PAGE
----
As war with Iraq seems closer and closer then further and further away, it’s all getting repetitive.
It’s difficult to listen to the same things over and over again from everyone who has had anything to do with any part of the affair.
Even journalists, it seems, are struggling to find a new angle on what’s going on. The top story in the March 14 edition of the Kentucky Enquirer reads “Bush may drop U.N. resolution: U.S. could go it alone against Iraq after France rejects deal.” This headline could have been written a month ago. Has anything besides the deadline changed?
Pro and anti war demonstrations have lost any type of flair. Neither side is particularly strong or has argued their points well, which is a shame.
It seems that people are so confused by the constant back and forth that they are unwilling to jump fully in on either side. It’s good that people are speaking out and exercising their right to free speech, but is it doing any good if both sides seem confused and lost?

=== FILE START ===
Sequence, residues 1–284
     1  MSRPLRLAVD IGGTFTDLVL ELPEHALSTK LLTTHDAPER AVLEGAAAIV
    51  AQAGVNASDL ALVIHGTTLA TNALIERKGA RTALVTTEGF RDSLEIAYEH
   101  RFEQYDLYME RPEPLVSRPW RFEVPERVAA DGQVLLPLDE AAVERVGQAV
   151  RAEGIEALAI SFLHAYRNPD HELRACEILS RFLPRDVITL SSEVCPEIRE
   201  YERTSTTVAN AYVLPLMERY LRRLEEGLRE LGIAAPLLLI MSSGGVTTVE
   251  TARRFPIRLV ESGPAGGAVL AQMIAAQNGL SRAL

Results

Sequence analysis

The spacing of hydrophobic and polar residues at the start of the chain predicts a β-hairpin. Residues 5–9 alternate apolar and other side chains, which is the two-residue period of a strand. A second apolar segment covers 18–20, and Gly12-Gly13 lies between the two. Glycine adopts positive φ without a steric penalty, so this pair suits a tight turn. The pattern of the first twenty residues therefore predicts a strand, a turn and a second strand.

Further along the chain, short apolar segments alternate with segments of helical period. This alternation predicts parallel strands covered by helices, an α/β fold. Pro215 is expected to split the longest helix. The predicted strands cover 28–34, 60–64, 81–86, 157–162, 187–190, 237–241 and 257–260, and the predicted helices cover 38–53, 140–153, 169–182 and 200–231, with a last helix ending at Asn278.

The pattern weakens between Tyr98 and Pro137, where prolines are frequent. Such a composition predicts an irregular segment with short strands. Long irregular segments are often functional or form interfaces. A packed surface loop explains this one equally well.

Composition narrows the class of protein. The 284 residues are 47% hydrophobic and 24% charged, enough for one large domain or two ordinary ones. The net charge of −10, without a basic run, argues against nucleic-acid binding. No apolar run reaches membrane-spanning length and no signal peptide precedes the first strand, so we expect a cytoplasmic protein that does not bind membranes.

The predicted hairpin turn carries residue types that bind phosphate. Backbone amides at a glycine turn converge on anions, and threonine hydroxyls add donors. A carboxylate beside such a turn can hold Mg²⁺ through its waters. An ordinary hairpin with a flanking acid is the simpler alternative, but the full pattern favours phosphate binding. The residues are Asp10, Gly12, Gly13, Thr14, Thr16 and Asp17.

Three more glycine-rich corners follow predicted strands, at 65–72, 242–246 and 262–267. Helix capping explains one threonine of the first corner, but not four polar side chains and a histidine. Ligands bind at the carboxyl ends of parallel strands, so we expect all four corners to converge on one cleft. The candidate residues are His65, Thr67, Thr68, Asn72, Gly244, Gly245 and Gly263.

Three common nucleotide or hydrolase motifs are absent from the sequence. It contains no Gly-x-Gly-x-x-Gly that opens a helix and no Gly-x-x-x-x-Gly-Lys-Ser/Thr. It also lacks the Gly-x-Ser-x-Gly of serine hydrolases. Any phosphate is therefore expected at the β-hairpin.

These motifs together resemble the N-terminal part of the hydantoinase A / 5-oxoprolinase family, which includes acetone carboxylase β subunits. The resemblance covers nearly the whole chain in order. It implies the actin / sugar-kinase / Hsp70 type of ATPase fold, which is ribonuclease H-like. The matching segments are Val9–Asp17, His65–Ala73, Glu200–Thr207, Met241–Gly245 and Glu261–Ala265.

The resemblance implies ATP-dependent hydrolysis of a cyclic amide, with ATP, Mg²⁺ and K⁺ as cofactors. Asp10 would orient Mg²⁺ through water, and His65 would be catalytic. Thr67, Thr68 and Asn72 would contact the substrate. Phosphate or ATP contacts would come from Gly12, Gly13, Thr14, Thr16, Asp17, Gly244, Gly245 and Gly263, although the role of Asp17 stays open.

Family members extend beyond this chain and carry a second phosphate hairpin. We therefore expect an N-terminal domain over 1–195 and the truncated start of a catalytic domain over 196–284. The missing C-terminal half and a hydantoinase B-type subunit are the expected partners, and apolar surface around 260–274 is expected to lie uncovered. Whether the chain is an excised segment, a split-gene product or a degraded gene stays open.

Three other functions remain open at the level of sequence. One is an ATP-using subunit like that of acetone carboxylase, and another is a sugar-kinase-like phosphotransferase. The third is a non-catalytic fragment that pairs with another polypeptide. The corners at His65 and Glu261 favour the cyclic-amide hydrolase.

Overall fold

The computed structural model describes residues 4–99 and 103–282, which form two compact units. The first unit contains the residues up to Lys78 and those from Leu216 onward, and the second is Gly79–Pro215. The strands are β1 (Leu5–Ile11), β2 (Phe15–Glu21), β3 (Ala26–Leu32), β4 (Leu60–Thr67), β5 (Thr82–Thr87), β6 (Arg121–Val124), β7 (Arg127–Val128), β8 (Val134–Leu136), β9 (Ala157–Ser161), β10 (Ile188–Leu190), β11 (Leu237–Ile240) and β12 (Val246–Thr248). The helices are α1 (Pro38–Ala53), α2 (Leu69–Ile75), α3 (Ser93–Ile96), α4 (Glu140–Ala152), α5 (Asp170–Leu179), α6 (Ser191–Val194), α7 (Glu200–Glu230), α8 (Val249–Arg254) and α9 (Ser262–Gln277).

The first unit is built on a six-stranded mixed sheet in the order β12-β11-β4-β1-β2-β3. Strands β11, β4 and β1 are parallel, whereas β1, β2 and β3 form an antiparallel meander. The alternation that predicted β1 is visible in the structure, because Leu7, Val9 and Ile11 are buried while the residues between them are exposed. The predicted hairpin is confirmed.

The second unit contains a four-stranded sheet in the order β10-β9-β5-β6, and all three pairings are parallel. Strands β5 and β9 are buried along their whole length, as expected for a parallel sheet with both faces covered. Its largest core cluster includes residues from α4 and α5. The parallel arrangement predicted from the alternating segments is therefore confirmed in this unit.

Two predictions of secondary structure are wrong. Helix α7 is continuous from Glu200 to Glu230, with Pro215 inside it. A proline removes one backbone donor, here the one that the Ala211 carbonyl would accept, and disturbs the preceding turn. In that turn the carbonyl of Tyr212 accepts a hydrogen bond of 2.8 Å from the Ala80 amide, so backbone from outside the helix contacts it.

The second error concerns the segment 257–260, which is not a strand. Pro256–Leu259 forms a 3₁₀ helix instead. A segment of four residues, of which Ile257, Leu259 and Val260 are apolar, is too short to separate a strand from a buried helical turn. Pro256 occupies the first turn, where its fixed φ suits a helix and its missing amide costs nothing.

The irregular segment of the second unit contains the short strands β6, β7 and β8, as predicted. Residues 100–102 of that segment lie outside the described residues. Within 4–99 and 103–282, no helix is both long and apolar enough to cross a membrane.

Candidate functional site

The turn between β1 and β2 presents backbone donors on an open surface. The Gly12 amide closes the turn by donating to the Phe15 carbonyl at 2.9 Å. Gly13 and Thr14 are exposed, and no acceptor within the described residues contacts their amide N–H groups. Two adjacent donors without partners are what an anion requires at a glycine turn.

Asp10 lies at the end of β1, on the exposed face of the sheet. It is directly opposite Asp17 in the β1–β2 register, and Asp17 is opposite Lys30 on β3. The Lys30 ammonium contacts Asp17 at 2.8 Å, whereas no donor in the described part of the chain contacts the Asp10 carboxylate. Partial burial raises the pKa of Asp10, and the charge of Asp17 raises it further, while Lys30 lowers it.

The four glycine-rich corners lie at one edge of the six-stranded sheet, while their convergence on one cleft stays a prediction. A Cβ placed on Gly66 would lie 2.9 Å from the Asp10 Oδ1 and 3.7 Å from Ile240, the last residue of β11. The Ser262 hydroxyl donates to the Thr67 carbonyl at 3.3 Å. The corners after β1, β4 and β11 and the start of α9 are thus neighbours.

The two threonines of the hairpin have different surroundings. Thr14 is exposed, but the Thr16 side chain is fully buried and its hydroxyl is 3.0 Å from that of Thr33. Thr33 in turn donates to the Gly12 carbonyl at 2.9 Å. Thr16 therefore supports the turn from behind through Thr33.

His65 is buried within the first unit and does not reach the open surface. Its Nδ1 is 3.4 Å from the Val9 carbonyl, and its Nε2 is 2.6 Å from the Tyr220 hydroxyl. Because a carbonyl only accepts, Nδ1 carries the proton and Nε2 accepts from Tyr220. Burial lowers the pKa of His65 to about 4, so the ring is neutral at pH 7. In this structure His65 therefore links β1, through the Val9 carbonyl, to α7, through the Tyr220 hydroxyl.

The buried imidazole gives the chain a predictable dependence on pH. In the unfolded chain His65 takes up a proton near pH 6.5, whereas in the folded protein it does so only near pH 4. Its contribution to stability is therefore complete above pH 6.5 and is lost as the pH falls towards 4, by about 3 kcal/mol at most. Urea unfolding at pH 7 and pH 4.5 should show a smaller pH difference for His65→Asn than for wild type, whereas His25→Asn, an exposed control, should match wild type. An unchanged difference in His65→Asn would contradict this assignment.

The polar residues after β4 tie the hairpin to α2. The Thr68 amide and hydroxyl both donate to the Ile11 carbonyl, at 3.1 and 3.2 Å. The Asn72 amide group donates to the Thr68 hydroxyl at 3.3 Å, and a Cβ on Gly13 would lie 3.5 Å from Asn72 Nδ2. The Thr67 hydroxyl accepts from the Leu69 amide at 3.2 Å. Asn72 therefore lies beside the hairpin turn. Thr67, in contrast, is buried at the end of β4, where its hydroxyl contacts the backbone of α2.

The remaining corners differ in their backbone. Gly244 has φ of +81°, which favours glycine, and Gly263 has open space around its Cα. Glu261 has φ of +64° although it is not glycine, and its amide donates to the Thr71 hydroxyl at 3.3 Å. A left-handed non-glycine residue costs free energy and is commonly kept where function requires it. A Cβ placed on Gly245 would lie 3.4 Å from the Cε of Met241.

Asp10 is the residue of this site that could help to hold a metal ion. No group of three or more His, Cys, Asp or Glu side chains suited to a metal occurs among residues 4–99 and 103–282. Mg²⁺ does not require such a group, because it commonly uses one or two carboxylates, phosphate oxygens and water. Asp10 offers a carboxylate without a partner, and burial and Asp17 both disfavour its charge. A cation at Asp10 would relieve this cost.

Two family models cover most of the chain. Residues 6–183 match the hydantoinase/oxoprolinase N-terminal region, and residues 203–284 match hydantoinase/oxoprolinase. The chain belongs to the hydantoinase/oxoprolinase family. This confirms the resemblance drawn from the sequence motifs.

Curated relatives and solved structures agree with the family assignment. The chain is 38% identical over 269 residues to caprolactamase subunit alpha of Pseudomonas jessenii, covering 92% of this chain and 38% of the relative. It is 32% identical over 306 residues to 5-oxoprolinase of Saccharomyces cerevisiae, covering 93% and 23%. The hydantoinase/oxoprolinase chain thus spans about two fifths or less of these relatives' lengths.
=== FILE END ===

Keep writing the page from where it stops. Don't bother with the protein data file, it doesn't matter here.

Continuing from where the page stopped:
Arguments need to be made that don’t sound like every other thing already said. Connections need to be made on some human level, instead of on speculation and obscure history.
Facts are extremely important, but in a case like this where the entire story is still under wraps, persuasion must appeal to something else.
This cannot come from the Federal government, they have made their case and we’re still unsure if they’re right. This needs to come from citizens, or better yet, from students speaking out on campus or in their classes or writing letters.
We’ve had a fair share of letters to the editor at The Northerner about a possible war with Iraq, some well researched and well written.
Some have lacked originality, though, because they regurgitate a set of facts that seem similar to the current situation even though no one really knows what the current situation is.
The fact of the matter is, this is new ground that is being tread and we need a new type of commentary to go along with it as we wait to see what happens.